Given enough time, a feast or famine pattern will develop in an expat’s life.
For instance, while outside of the U.S. I dream about my favorite sushi restaurant. And without fail, as soon as I set foot on San Diego soil I promptly gorge myself on enough spicy tuna rolls and ahi poke to get at least a mild level of mercury poisoning. Maybe you can’t keep out of Target or miss your favorite TV show or love to drive on big, open highways where people use signals and respect lanes. Whatever it is, as soon as it’s available you try to soak up as much as possible.
With the holidays upon us, chances are you’ll be soaking up a lot of family moments too. But how is it that you long for your parents and siblings and Grannie Fran all year long, only to feel like you’re going crazy after two days? No matter how much you love someone, I think it’s pretty likely that if you spend a couple of weeks with them you’re bound to have at least a tickle of the grumps.
While out there combing through the copious articles, blogs, and advice about extended family visits, I found some very good suggestions about how to make sure you maximize your family ‘feasting’ this holiday season.
The advice boiled down to this: the best way to navigate potential bumps in the road is with a mix of straightforwardness, tact, and healthy selfishness. I like this. It’s concise and seems doable. And c’mon, I’m all for that third part.
But first, let’s have a mutual understanding that what I’m offering here is a few tidbits of my own unprofessional advice about stuff that isn’t that serious. I’m talking about the run-of-the-mill annoyances like being spoken to before your cup of coffee or holding in your eye-rolls at political opinions. If your family dynamics skew more towards House Lannister (ok, a bit dramatic but you get my drift) then you should come back next post when I talk about winter-time travel in Europe. This advice isn’t for you.
Be straightforward with expectations.
I’ve discussed setting expectations when talking about hosting guests in general, but it deserves a second mention. In fact, expectations may be my expat soapbox because they’re so important! Much of how we perceive an experience is formed by what we are expecting. For loved ones crossing multiple time-zones to spend a few weeks in place they’ve never been before, this starts long before the bags are packed.
Hopefully, since you’ve been in your new ‘home’ you’ve been talking to your family about what your life is like. When you’re preparing them, don’t take little things for granted! People like to know how to dress, what you eat, what your house is like and where they’ll be staying.
And definitely talk about your daily routine. If your family is staying for a few weeks, it’s likely one (or both) of you will have to work a bit. Talk about your schedule and help make plans so everyone is comfortable if you have to be away a few hours a day.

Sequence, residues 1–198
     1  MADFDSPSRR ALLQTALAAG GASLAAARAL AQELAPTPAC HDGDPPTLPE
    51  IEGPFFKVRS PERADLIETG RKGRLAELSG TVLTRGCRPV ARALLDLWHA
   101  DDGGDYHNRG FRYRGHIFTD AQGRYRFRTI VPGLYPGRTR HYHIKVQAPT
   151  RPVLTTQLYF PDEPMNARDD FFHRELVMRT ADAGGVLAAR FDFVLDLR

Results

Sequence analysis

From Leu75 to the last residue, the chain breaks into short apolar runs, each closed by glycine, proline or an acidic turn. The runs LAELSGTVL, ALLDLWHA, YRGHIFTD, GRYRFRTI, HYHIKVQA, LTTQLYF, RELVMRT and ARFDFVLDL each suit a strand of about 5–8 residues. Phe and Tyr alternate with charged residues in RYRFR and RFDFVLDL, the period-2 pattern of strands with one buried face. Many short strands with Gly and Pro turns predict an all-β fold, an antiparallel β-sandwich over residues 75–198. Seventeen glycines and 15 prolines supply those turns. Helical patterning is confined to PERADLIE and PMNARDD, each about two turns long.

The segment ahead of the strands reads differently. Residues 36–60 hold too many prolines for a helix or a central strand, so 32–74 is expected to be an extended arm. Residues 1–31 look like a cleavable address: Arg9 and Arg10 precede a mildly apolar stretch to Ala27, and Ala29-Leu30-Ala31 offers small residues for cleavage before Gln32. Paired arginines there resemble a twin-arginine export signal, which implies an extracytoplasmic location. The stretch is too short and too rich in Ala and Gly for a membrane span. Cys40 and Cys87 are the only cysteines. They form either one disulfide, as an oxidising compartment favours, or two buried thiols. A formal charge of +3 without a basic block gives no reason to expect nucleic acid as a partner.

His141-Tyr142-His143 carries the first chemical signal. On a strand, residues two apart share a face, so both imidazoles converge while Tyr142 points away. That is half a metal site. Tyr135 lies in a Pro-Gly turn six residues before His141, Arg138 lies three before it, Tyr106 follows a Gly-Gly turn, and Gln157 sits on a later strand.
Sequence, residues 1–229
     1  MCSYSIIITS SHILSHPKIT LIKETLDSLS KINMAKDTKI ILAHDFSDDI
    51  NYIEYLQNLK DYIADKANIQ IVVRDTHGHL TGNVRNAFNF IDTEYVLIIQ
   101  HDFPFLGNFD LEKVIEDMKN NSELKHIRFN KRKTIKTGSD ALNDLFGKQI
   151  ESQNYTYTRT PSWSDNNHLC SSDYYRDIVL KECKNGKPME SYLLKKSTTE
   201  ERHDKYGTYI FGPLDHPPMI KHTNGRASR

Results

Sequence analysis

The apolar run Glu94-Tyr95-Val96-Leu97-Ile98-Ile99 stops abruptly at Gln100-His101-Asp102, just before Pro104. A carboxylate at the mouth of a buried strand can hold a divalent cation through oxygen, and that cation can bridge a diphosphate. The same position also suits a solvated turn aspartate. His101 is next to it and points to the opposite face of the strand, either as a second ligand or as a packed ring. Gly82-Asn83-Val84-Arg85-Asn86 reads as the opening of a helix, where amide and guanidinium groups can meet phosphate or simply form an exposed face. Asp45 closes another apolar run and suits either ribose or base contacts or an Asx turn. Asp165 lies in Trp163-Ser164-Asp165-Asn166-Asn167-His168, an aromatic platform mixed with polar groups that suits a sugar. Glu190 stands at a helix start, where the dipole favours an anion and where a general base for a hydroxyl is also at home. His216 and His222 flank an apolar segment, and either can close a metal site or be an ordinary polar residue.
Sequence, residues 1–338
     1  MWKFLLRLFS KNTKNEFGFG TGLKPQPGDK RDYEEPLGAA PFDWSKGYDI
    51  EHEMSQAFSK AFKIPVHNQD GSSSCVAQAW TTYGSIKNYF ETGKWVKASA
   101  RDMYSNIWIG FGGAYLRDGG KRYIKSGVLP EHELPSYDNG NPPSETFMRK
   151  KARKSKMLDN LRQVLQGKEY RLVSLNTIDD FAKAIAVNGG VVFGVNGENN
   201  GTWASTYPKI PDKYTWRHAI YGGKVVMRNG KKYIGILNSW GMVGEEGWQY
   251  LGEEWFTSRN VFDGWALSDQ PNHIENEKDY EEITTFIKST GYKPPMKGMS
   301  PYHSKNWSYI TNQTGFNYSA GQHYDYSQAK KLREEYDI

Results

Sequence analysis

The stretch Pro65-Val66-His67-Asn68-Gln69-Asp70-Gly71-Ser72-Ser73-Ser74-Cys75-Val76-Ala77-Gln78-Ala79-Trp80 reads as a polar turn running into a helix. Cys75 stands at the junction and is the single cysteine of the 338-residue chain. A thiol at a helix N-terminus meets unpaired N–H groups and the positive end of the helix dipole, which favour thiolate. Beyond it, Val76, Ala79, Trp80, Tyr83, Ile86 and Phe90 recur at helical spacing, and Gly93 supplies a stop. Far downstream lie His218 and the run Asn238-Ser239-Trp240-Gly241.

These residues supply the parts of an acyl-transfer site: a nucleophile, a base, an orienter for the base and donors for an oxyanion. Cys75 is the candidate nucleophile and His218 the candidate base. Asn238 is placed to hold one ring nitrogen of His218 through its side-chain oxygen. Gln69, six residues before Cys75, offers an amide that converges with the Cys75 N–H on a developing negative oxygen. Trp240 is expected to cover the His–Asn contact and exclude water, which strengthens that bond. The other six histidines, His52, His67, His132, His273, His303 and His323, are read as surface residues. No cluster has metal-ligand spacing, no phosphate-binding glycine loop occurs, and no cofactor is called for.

Start flexing your tact muscle.
Tact and empathy will get you far in life. However, because we live in a me-focused society they generally aren’t a typical first response to most frustrating moments. They’re important because so many of those trifling irritations—which are bound to happen while spending a few weeks together—can be mitigated if only we put the shoe on the other foot. And just because these particular reactions aren’t naturally occurring doesn’t mean they can’t be developed.
I’ve been practicing zipping my lips a lot lately because of the recent election, but there are so many other topics that can immediately press our buttons. You know your family and what you can talk about without it getting out of hand. Letting a conversation pass without stating your opinion or pointing out where others are wrong doesn’t mean your beliefs are weakening. It just means you’ll have a smoother time together.
Plan for some healthy selfishness.
It’s a joke among our family that I become a different person when I’m tired. And as an introvert, social situations wear me out especially fast. I was always afraid of having long term visitors because I thought I had to be ‘on’ all the time. But, people don’t need to be entertained 24/7. In fact, most people like a bit of time to themselves each day. Once I figured out that it was ok to take social breaks, having family come stay for a couple of weeks was much, much easier.
I think I’ve mentioned before that when my in-laws visit my mother-in-law will ‘send me to my room.’ This isn’t snide at all. Rather, it’s our jokey way of giving me permission to go recharge for a bit. I realize that not everyone can joke with their in-laws like this, so you could simply go to bed a bit early, take the dog for a walk or your kids to the park.
Maybe you need a date night or your morning run or a good night’s sleep. Whatever it is, figure out what this kind of self-care looks like for you and make it happen.
In some ways it’s easier to receive visitors—you have the comfort of your own home and routine to help you stay grounded. If you’re going back to your native home for an extended period, there are a lot of other factors to consider (check out this post about reverse culture shock or these tips about your first trip back). Whatever you happen to be doing this holiday season, I hope you enjoy yourselves!
If you have something to add, share it in the comments below! Chances are there’s an expat reading who’d love to hear what has worked for you.